FCC Seeks to Require Wireless Carriers Enable Texting to 9-1-1

Move called ‘crucial next step’ to sending video to public safety answering points
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The U.S. government seeks to require wireless carriers and providers of “interconnected” text messaging systems to enable users to send text messages to 9-1-1 systems that can receive texts, which is “a crucial next step” towards 9-1-1 systems that can receive video.
On Jan. 9, 2013, the Federal Register posted a Federal Register notice—Next Generation 9-1-1; Text-to-9-1-1; Next Generation 9-1-1 Applications—that says “implementing text-to-9-1-1 represents a crucial next step in the ongoing transition of the legacy 9-1-1 system to a Next Generation 9-1-1 system that will support not only text, but will also enable consumers to send photos, videos and data to public safety answering points, enhancing the information available to first responders for assessing and responding to emergencies.”
The proposed rule says, “Wireless consumers are increasingly using text messaging as a means of everyday communication on a variety of platforms. The legacy 9-1-1 system, however, does not support text messaging as a means of reaching emergency responders, leading to potential consumer confusion and even to possible danger. As consumer use of carrier-based and third party-provided texting applications expands and evolves, the 9-1-1 system must also evolve to enable wireless consumers to reach 9-1-1 in those emergency situations where a voice call is not feasible or appropriate.”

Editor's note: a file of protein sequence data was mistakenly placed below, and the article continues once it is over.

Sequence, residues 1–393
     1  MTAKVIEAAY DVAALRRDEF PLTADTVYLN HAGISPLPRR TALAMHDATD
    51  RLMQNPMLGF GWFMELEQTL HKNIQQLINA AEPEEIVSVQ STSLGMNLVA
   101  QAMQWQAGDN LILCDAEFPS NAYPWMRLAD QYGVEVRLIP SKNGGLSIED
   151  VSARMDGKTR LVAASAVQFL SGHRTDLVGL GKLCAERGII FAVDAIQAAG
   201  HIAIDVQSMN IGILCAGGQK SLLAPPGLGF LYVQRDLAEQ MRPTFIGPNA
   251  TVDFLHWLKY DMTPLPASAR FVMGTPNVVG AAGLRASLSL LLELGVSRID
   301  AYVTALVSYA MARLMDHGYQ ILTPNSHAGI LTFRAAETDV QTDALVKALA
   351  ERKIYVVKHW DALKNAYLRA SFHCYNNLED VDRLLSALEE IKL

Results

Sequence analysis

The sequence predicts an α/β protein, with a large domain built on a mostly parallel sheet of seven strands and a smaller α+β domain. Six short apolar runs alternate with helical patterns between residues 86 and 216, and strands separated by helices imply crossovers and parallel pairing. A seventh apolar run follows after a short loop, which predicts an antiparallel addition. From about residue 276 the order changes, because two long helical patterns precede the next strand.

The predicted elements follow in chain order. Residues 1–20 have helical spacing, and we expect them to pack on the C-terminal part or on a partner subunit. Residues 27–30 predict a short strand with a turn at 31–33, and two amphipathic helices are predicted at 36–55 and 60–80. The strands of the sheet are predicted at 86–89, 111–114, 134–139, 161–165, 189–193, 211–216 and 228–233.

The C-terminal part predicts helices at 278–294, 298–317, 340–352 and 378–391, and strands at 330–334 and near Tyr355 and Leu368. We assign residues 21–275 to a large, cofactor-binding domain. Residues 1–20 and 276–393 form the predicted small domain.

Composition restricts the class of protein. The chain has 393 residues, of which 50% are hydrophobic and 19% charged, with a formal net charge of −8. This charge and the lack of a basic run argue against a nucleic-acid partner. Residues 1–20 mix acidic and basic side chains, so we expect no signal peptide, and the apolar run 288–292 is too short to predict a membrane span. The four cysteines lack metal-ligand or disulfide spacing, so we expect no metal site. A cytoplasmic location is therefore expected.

In the “further notice of proposed rulemaking,” the FCC proposes rules that will enable Americans to send text messages to 9-1-1, and will educate and inform consumers regarding the future availability and appropriate use of text-to-9-1-1, the document says.
Currently, the most commonly used texting technology is “short message service,” which is available, familiar and widely used by virtually all wireless consumers, the proposed rule says. In addition, the major carriers have indicated they intend to use SMS-based text systems for their initial text-to-9-1-1 deployments, and the FCC expects other initial deployments to be similarly SMS-based.
Nonetheless, the FCC does not seek to limit texting systems to SMS, it says. “As a result of the rapid proliferation of smartphones and other advanced mobile devices, some consumers are beginning to move away from SMS to other IP-based text applications, including downloadable software applications provided by parties other than the underlying carrier.
To the extent that consumers gravitate to such applications as their primary means of communicating by text, they may reasonably come to expect those applications to also support text-to-9-1-1, as consumer familiarity is vital in emergency situations where seconds matter. Therefore, the FCC proposes that service providers who offer SMS-based text-to-9-1-1 should have the flexibility to migrate their customers to other text-to-9-1-1 applications, the proposed rule says
There are four deadlines for comments depending on which section of the proposed regulation the comments are on.
The deadline for comments on “Section III. Further Notice of Proposed Rulemaking” is Jan. 29, 2013, with reply comments due Feb. 8, 2013.
The deadline for comments on all other sections of the proposed rule is March 11, 2013, with reply comments due April 9, 2013.
Click here to access the Federal Register notice.

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